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SUNDANCE REVIEW: ‘The End of Love’ Is Mark Webber’s Flawed But Heartfelt Ode to Parenthood

SUNDANCE REVIEW: 'The End of Love' Is Mark Webber's Flawed But Heartfelt Ode to Parenthood

Mark Webber’s “The End of Love” is a kind of therapy for its director. Loosely based on the filmmaker’s life, the movie stars Webber (an actor whose credits include “Scott Pilgrim vs. the World”) alongside his real-life toddler, Isaac, and explores the challenges of his single-parent household. Intimately shot and almost exclusively focused on the two characters’ daily lives, “The End of Love” maintains an effectively bittersweet atmosphere that works its quiet spell throughout, although it aims too low to leave a particularly strong impression.

A far cry from “Explicit Ills,” Webber’s impressive ensemble piece that served as his directorial debut, “The End of Love” presents a warm depiction of father-son relations that provides the microbudget alternative to “The Pursuit of Happyness,” where Will Smith and son Jaden riffed on their own real-life chemistry. Webber pulls off a far more impressive feat by making the hyperactive and consistently distracted Isaac react on cue. It might be one of the most controlled child performances ever put onscreen, partly because the director stays so close to him every scene.

Their moments together give “The End of Love” a wonderfully naturalistic appeal, but the story can’t keep up. In a somewhat awkward riff on the truth, Webber imagines his situation as the result of his wife’s death shortly after she gave birth to Isaac. In reality, no death took place, but Webber did split up with Isaac’s mother. That backdrop adds a somewhat unsettling subtext to the rest of the movie, since it otherwise maintains a basis in reality: Webber plays himself and hangs with known actors who use their real names.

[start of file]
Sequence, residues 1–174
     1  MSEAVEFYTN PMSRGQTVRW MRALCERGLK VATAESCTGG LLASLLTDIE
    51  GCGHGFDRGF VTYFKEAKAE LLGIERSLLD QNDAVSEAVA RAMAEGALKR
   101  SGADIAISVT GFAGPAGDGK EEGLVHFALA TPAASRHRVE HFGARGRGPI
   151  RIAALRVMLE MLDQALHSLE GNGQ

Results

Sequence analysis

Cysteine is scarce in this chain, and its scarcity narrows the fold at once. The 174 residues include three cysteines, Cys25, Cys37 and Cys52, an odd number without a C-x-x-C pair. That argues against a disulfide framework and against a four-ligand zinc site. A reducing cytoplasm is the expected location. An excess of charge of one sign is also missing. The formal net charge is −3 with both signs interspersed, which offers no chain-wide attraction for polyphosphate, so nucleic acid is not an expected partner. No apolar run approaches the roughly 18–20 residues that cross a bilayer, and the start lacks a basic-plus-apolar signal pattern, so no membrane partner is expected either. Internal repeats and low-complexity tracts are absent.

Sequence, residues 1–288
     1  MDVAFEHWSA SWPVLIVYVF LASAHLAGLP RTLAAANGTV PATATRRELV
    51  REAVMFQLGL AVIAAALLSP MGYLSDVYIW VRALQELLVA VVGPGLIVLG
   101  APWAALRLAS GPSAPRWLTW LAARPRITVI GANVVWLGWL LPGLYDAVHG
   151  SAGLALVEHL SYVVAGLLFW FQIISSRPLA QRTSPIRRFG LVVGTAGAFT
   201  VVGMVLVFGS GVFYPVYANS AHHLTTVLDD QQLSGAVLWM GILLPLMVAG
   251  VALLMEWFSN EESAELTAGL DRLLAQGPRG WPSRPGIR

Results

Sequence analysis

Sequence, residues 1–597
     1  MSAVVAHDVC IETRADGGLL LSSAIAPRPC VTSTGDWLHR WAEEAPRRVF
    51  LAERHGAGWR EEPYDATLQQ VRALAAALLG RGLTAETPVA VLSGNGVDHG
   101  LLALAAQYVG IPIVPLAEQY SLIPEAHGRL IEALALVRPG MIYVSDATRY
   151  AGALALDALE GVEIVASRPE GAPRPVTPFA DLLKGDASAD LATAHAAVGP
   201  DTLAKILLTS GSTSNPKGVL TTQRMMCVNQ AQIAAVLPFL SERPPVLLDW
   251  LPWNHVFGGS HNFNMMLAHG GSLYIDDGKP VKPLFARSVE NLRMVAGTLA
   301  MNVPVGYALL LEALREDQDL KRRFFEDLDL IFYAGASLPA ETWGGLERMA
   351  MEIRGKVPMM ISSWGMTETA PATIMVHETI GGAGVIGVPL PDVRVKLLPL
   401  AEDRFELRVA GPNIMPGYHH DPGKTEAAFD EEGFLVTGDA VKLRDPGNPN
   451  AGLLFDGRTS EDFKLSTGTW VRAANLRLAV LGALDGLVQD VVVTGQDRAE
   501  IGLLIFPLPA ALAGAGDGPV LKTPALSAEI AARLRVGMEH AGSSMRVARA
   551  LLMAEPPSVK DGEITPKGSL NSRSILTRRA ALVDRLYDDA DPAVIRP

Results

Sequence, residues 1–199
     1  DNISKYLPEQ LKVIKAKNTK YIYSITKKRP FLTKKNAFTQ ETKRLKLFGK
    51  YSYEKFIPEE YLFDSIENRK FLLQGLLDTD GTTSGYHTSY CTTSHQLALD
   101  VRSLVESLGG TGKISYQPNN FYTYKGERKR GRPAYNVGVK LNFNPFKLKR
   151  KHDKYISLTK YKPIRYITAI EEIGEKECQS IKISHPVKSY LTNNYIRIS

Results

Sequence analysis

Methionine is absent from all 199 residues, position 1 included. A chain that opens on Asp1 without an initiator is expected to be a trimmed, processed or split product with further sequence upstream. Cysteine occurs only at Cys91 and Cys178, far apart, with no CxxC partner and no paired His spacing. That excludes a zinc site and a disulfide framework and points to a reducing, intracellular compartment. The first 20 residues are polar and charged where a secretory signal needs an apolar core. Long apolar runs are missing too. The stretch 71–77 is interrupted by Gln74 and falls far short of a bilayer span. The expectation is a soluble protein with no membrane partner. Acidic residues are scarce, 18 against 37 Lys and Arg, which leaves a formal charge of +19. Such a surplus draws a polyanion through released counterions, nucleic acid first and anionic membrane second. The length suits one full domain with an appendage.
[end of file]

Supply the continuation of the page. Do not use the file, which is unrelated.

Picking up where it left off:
Cameos by Michael Cera and Amanda Seyfried flesh out the blurry line between fiction and documentary, but the overall smallness of Webber’s approach turns “The End of Love” into something closer to a diary film than a conventional narrative. And so it becomes easy to read his wife’s “death” as an allegory for the actual incident, explaining the introverted quality of Webber’s filmmaking.

However, while his understated approach leaves much to interpretation, it never builds out its basic situation to any meaningful payoff. Most scenes are predominantly composed of Webber and his son engaged in daily rituals, from a messy morning breakfast to an ill-conceived audition ruined by Isaac’s constant interruptions. A tangent involving Webber’s attempt to launch a relationship with a new woman (Jocelin Donahue) goes nowhere, as does a prolonged sequence in which Webber attends a Cera-hosted party.

Stumbling drunkenly around his famous friend’s abode, Webber’s self-portrait turns into an underwhelming vanity party, providing a reminder of the comparative strength of the scenes he shares with his son. Never fully realized, “The End of Love” is both hard to dislike and difficult to invest in. There are powerful ingredients here, certainly enough to create a deeply felt work, but “The End of Love” lacks the additional layers of storytelling necessary for Webber to make the audience feel as close to the material as he does to his son.

Criticwire grade: B-

HOW WILL IT PLAY? Too small-scale and quiet for any kind of mass release, “The End of Love” will probably find welcome audiences along the festival circuit before landing a very small theatrical buy, although it could broaden its reach with a digital release.

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